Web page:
"We're working in an area that has had a lot of production, but it has been just two weeks at a time, or it's companies that come in and bring most everyone with them," he says. Whereas "We're here in an environment where we're bringing 110 days of photography. We're [also] raising some stages. And most people in Morocco have no experience with shooting on stages because most people who come to Morocco don't shoot inside. They shoot in the desert or at the ocean."

Homeland 1st AD and producer Sunday Stevens. (Photo: Showtime)

Ongoing Investigation

The great thing about Homeland is that it feels so current," says director Dan Attias, who has been involved with the show since the first season—including recreating a Benghazi-like attack in the Season 4 episode "13 Hours in Islamabad," which was akin to an hour-long war movie. Attias says it's one of the most complicated television episodes he's ever directed, and credits Klick and production designer John Kretschmer for helping him pull it off.

"You hit the ground running on Homeland because there has been a lot of advance consideration of all the technical challenges," Attias says, adding that "each season has to escalate beyond the previous one with the stakes continuing to be compelling and critical, but seen in a new light."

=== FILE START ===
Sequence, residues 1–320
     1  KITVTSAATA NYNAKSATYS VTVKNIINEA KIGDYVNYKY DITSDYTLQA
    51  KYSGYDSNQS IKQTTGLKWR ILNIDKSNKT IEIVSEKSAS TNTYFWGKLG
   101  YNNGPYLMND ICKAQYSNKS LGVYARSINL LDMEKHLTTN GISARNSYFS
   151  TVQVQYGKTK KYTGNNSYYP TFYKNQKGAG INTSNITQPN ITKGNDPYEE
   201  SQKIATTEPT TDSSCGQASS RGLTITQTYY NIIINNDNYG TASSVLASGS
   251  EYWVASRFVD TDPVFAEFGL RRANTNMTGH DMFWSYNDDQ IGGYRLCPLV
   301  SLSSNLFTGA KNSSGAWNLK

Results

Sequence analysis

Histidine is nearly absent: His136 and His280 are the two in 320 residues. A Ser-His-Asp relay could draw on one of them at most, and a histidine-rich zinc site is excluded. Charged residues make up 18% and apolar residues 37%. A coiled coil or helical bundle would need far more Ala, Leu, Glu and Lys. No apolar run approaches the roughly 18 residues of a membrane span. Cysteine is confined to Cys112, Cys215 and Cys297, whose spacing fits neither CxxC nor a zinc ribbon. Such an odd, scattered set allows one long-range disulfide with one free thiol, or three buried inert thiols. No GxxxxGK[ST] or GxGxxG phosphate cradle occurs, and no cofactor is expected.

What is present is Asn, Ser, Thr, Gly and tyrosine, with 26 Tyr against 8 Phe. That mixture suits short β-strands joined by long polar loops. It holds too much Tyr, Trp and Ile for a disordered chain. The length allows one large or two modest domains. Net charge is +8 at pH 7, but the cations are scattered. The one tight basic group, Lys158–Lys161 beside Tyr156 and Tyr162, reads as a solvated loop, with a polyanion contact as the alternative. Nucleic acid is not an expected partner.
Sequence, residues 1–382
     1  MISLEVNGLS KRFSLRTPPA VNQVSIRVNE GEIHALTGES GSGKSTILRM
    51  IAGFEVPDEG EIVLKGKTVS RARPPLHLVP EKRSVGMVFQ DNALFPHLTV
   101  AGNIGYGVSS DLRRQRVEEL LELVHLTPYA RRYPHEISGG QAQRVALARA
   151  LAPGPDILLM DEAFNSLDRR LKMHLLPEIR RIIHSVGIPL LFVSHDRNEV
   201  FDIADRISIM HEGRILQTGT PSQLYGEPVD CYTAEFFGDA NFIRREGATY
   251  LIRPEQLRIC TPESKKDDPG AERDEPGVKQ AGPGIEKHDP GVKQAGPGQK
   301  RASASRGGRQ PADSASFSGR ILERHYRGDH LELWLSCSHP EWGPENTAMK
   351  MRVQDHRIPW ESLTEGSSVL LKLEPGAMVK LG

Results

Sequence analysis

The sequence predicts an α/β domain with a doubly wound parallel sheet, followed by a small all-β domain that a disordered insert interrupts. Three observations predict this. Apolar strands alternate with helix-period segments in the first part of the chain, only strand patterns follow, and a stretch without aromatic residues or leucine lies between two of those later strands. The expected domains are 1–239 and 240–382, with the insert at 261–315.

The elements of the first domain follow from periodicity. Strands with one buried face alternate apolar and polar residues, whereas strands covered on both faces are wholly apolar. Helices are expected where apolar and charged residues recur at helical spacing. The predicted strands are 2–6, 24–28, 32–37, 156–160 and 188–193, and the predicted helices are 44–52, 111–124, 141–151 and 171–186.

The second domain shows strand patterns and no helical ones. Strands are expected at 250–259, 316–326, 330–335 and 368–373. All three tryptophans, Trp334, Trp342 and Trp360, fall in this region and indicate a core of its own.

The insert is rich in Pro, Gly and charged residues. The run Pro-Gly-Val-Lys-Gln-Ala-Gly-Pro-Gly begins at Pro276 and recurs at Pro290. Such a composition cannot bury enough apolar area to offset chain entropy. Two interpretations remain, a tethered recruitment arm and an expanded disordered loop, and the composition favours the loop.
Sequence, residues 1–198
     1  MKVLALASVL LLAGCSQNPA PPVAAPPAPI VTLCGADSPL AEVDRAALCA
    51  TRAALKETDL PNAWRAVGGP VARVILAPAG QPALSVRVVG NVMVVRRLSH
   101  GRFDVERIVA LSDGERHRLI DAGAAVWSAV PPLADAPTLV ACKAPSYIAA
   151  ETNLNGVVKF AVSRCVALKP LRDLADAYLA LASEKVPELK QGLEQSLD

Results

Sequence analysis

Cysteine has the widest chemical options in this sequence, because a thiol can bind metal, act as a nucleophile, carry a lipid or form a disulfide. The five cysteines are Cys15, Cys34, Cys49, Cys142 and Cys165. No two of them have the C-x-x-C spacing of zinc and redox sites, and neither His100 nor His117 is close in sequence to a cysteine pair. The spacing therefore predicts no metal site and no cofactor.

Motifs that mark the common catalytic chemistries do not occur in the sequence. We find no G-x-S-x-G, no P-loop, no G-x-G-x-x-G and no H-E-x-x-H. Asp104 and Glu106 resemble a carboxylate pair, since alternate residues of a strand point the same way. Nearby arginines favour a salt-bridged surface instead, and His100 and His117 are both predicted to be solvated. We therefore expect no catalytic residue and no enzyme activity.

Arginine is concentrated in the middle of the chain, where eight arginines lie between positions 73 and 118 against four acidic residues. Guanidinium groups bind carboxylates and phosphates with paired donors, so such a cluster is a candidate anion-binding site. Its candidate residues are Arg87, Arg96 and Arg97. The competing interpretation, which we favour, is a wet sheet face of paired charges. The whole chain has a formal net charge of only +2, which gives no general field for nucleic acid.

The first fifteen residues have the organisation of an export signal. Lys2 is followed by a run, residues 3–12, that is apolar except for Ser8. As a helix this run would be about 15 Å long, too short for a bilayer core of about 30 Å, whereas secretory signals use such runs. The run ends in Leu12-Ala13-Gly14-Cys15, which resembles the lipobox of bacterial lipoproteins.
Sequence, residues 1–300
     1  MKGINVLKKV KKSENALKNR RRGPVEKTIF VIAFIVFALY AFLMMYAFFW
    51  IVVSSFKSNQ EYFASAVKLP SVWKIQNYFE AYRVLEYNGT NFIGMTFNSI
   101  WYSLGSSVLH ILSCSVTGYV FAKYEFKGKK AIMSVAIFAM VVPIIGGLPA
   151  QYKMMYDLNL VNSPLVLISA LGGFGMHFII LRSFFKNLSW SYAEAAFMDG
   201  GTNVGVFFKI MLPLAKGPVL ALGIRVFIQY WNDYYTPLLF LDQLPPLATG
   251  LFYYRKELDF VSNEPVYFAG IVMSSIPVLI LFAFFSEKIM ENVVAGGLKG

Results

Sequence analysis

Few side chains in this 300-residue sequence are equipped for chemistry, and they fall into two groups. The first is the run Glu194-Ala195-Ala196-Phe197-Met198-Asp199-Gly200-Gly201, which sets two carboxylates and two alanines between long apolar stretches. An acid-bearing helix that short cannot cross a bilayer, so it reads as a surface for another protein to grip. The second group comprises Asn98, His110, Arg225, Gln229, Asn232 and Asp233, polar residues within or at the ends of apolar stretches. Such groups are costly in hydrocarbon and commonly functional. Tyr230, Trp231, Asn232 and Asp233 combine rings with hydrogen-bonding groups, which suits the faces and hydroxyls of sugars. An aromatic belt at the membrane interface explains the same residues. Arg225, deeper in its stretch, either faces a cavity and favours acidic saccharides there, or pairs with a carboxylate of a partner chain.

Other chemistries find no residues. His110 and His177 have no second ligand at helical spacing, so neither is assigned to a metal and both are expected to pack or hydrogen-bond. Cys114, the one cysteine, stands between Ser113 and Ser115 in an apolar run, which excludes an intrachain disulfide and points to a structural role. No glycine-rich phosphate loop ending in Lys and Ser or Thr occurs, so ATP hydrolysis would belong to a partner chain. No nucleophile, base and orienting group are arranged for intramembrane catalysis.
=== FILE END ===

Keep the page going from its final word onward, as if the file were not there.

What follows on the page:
The devil is in the details. One of Graves' favorite takeaways came during his research for Season 7 when he says he learned that only unopened bottled water is served during meetings between U.S. and Russian officials because the "trust is so low between the Americans and the Russians when they meet that there's no entertainment or presentation" and there's a fear of being drugged and blackmailed. Plus, he says "the interpreters have to sit in a box [and not at the table] so that no one can see their lips move" and accuse them of false translation.

From top: Dan Attias (in cap) directing the "13 Hours in Islamabad" episode; Producer-director Lesli Linka Glatter bonds with Danes. (Photos: Showtime)

The Homeland Way